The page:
Needless to say, Borges's famous "Pierre Menard, Author of the Quijote" came to mind. What would a 21st century Menard look like, not merely copying Don Quijote but instead (re)creating it for the 21st century? What about this passage from the 9th chapter of Part One:
...truth, whose mother is history, rival of time, depository of deeds, witness of the past, exemplar and adviser to the present, and the future's counselor. (Andrew Hurley's translation used here as it would be more familiar to the reader than my rendering of the passage)Would such an expression, involving so many dependent clauses, be considered but an affectation that would seek to create an anachronistic literary past, one that surely has passed today? Would this 21st century Menard conclude that his Don Quijote would be a mostly indecipherable text whose audience would consist solely of those fellow anachronistic aficionados who would be most apt to rebel against the reigning "transparent prose" movement?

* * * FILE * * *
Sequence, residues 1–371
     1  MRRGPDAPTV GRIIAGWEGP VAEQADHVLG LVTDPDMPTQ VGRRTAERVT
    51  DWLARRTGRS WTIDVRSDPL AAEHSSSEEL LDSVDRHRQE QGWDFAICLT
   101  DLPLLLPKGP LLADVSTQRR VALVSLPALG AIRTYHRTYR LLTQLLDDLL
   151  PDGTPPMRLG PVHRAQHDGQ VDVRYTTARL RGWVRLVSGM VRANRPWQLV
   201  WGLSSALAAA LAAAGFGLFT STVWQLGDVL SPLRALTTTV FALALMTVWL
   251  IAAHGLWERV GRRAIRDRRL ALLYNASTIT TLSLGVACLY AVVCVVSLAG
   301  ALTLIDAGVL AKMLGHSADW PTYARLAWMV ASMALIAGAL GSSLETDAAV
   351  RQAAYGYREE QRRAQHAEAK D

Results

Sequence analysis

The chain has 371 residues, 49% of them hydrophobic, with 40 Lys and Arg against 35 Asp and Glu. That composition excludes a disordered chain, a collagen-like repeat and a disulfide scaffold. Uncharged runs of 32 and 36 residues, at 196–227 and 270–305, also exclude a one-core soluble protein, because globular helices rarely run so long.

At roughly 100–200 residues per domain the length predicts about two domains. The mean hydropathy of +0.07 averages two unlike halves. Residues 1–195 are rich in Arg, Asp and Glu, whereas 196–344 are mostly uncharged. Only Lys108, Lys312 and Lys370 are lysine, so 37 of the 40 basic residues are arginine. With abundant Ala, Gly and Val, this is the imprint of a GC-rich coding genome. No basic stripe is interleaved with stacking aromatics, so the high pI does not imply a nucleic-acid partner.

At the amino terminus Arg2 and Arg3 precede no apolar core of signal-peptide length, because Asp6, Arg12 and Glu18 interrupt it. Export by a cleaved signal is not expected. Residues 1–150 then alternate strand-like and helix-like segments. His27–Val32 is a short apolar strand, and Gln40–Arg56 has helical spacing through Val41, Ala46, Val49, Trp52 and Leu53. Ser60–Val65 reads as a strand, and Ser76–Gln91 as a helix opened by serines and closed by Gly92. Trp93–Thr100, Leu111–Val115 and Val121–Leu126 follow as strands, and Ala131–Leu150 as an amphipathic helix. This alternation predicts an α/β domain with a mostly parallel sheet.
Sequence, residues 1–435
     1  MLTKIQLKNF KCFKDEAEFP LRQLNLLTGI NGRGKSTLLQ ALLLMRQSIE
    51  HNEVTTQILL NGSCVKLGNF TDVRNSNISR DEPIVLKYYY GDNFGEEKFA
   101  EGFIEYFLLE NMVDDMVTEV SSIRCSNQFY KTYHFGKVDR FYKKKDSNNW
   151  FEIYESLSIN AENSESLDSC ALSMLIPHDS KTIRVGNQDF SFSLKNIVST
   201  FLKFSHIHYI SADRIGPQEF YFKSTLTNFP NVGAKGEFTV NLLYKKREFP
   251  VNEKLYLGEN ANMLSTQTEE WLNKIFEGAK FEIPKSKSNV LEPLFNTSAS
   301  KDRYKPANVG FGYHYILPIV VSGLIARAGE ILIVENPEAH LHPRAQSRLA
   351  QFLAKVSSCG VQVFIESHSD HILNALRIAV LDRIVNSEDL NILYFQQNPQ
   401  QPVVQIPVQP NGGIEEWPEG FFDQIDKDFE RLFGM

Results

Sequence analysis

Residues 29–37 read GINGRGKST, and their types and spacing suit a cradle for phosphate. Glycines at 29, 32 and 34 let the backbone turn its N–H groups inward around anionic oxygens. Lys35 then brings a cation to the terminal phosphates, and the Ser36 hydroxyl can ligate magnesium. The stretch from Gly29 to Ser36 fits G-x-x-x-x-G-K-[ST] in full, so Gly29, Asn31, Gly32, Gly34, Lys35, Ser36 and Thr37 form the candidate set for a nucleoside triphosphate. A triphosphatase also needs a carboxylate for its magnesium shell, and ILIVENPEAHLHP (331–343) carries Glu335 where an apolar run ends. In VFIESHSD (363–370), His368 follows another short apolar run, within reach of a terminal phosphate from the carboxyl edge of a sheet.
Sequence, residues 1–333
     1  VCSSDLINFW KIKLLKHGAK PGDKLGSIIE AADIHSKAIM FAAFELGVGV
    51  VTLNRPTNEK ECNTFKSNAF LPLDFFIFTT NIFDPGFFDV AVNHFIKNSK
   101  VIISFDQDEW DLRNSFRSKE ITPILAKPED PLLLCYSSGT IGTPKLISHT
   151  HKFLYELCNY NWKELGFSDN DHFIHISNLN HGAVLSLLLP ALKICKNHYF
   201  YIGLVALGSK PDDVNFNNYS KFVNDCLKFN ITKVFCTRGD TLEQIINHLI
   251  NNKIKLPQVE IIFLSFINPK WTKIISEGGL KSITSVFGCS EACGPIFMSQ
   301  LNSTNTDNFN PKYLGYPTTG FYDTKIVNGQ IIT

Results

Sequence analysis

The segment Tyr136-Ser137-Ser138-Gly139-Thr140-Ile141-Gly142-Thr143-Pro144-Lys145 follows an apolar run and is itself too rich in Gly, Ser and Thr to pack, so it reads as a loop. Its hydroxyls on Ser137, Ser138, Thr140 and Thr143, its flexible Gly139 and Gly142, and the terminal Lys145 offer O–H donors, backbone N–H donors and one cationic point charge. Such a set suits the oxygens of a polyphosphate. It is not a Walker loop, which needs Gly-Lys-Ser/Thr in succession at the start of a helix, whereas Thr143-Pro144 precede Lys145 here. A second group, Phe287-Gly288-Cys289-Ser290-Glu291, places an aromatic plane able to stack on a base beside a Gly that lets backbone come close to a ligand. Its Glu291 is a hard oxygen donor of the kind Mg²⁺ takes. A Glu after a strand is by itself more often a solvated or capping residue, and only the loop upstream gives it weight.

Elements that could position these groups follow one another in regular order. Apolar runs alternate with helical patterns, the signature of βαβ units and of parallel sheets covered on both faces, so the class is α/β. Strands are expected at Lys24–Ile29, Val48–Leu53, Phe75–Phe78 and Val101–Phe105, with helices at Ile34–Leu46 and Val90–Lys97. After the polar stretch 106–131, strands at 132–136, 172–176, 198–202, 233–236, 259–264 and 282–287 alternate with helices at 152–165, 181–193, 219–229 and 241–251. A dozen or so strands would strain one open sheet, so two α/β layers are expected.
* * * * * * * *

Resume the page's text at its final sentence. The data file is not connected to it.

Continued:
Something to consider. If I had any real combination of chutzpah and writing talent, I would attempt writing a story that would reflect this. But I do not, so I'm just leaving this thought trail for others to consider and to do with as they please.